James Yawn describes a method of preparing KNO3-sugar propellant that does not require melting either component, but just heating an aqueous syrup of mixed sugars, separately warming the dry KNO3, and then mixing them off the heat -- a lot like BP blender rockets conceptually. In fact it's JUST like blender rockets except that both the fuel & oxidizer dissolve in hot water instead of just the oxidizer. Mixed sugars such as corn syrup and sucrose are used to inhibit formation of large xtals. The product is said to burn almost as fast as propellant made by cooking the complete mixture.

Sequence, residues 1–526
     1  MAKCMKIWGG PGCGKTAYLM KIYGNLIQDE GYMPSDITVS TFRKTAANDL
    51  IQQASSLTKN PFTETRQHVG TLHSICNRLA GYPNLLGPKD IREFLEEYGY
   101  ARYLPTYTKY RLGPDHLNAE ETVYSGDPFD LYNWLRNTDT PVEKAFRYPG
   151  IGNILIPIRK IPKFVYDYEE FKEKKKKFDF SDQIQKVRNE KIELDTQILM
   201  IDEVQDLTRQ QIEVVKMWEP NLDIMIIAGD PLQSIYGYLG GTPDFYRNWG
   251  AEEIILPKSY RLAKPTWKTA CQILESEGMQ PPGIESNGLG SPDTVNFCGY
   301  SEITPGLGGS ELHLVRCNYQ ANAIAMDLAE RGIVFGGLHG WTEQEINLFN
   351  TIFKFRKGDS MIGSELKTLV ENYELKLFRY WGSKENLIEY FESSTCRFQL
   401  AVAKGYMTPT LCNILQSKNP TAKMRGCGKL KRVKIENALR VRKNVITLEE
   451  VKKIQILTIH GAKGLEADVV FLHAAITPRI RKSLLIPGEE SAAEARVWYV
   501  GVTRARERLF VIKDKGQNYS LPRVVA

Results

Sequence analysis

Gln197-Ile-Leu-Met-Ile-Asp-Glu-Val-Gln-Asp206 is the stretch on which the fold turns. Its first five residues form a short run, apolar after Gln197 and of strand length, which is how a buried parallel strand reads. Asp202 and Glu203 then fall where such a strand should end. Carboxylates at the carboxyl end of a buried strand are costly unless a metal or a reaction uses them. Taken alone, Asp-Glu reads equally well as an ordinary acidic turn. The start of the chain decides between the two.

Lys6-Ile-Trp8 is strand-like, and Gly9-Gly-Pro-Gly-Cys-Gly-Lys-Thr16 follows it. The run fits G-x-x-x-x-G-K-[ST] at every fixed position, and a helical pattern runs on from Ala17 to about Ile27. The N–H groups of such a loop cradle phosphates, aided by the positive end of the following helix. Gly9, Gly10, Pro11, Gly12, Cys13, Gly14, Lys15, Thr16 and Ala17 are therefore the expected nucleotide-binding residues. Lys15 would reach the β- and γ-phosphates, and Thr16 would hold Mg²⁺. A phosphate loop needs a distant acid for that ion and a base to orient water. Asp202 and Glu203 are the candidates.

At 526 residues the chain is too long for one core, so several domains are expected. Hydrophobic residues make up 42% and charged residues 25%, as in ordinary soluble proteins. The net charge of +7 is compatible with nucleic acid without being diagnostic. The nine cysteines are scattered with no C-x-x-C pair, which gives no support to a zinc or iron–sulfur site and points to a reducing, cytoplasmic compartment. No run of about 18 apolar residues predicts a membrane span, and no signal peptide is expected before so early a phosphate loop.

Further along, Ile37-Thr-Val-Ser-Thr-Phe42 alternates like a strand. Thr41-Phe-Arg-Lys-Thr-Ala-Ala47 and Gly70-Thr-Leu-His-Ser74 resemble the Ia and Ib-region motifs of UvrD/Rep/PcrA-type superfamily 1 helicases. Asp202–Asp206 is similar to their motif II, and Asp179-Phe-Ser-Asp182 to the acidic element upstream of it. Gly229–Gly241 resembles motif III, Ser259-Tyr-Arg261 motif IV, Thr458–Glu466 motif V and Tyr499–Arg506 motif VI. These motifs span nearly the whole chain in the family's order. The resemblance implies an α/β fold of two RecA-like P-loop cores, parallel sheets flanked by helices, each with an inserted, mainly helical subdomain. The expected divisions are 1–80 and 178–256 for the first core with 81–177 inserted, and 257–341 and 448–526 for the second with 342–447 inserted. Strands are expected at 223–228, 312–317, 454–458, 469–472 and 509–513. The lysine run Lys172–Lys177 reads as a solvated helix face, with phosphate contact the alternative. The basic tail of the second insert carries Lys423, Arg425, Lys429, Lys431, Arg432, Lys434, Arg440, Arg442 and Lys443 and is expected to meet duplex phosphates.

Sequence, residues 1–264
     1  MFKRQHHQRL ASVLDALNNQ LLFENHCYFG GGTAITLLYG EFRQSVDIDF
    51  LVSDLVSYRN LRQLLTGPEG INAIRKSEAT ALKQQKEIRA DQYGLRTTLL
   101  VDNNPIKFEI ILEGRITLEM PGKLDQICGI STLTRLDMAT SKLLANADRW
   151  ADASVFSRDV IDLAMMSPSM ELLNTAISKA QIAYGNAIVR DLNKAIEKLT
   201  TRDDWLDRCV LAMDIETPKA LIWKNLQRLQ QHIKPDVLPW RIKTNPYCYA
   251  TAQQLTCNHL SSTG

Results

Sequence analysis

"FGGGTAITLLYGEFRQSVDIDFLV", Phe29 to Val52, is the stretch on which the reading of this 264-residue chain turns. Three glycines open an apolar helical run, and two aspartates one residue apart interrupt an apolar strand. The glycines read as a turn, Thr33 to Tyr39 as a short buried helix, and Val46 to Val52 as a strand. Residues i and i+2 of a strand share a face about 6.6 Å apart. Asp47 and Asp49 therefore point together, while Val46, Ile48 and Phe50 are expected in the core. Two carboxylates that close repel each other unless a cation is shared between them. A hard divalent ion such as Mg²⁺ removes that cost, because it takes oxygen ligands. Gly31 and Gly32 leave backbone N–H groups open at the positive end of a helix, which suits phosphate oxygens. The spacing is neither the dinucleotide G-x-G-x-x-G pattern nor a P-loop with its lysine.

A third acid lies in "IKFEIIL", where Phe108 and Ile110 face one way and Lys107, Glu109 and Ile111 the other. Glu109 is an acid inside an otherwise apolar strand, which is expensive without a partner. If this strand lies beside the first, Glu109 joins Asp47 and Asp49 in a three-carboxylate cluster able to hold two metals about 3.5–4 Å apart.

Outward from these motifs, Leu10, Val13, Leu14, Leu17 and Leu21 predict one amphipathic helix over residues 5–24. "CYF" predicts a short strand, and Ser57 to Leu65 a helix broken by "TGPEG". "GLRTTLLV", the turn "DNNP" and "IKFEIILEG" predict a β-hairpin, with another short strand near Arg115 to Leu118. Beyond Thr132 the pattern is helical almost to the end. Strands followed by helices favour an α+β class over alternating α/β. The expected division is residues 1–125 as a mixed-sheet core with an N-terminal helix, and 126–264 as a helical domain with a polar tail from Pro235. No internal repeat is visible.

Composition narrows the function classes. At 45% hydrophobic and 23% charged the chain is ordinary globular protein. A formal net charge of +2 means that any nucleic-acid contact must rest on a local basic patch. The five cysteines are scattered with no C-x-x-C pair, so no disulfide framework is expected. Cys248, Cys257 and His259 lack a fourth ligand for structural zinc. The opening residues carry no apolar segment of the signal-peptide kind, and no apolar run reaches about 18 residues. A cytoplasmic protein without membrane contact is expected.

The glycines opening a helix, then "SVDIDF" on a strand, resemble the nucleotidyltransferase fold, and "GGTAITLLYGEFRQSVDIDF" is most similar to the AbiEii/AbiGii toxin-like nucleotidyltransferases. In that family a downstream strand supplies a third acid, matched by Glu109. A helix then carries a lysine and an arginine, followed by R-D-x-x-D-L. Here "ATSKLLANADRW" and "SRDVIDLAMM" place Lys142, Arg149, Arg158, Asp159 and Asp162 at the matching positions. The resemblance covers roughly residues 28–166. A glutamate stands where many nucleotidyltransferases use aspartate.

However, the resulting mixture is not so plastic as to be rammable into a case, or cast as a slurry as with blender rockets. Rather, he rolls it into a cylinder with a core, then primes it inside and out to form a constant-rate grain that he slides into the case. It's not clear from his instructions (or what I've read of them so far) how long after mixing the material remains plastic enough to do this without reheating -- and it's heating the complete mixture that I wanted to avoid -- and then how long it takes to dry and harden in place.
Has anyone used this for firework sky rockets? If I wanted to turn it into a progressive burner with a nozzle (apparently eliminating caseless from consideration), is there another way to inhibit the outside surface while allowing a fit loose enough to get it into the case to begin with, but tight enough to resist the pressure during firing? Or, with a catalyst, might caseless with no nozzle be fast enough to allow it to lift go-getter style?